Philosophy Lexicon of Arguments

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II, 115ff
Speech act/Foucault: the illocutionary act is not that, what has been processed before the moment of the statement itself. There is more than one statement to make a "speech act": E.g. oath, request, contract, promise, demonstration. This is about series.

Statement: cannot have its own character, is inappropriate for an adequate definition.

Sign: means "existence of signs" that must exist. What does it mean "there are" signs?

Language/Discourse/Foucault: is never given in itself and in its totality. If there were no statements, the language did not exist. But no statement is essential for the language to exist. It exists only as a construction system for possible statements. On the other hand, it exists only as a description of how to get real statements from a set.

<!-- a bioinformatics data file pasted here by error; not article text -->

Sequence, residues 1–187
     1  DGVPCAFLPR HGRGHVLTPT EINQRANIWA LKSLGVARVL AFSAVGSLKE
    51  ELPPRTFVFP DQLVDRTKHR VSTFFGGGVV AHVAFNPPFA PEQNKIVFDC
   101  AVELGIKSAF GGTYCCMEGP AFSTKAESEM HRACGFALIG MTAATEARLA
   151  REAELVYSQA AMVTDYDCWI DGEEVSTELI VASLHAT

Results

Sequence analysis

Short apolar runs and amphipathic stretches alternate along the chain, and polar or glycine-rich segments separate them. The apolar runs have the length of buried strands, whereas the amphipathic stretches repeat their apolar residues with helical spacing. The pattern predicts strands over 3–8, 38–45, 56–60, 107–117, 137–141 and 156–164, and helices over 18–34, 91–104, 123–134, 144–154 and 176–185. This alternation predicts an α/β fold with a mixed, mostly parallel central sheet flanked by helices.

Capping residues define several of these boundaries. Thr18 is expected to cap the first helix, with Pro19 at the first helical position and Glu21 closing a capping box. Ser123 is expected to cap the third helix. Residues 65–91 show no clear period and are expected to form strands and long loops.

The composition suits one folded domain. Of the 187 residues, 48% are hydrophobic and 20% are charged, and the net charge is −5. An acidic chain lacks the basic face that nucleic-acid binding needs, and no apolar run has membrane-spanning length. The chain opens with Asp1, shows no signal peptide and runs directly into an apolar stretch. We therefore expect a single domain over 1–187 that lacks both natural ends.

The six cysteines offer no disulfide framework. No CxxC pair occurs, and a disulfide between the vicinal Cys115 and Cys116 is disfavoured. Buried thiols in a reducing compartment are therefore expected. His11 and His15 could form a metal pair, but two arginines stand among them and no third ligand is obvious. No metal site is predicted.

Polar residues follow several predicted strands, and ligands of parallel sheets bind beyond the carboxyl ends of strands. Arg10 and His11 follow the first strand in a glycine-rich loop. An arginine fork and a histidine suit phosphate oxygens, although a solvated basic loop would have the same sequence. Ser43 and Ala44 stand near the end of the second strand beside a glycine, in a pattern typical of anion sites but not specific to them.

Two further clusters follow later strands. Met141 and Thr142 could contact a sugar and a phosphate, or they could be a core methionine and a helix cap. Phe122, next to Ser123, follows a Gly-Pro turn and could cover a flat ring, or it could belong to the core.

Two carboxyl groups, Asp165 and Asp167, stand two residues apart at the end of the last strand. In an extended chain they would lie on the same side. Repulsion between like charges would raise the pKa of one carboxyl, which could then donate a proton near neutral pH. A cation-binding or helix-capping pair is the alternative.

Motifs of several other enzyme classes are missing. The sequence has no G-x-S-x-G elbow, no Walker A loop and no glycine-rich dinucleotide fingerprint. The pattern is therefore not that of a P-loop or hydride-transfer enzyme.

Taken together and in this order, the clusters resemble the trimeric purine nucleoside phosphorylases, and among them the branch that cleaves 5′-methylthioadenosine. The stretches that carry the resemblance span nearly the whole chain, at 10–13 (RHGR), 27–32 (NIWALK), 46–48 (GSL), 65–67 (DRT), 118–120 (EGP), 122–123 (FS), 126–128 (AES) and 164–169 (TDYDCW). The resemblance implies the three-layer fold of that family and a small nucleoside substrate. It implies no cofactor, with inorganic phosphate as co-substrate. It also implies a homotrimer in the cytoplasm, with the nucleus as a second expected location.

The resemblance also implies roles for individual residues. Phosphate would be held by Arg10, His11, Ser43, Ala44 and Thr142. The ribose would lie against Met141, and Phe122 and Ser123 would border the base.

Language and statement are not on the same level of existence. One cannot say that there are statements, as one says, that there is language.

Fouc I
M. Foucault
The Order of Things: An Archaeology of Human Sciences 1994

Fouc II
Michel Foucault
Archäologie des Wissens Frankfurt/M. 1981


> Counter arguments against Foucault
> Counter arguments in relation to Speech Act Theory



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Ed. Martin Schulz, access date 2017-05-27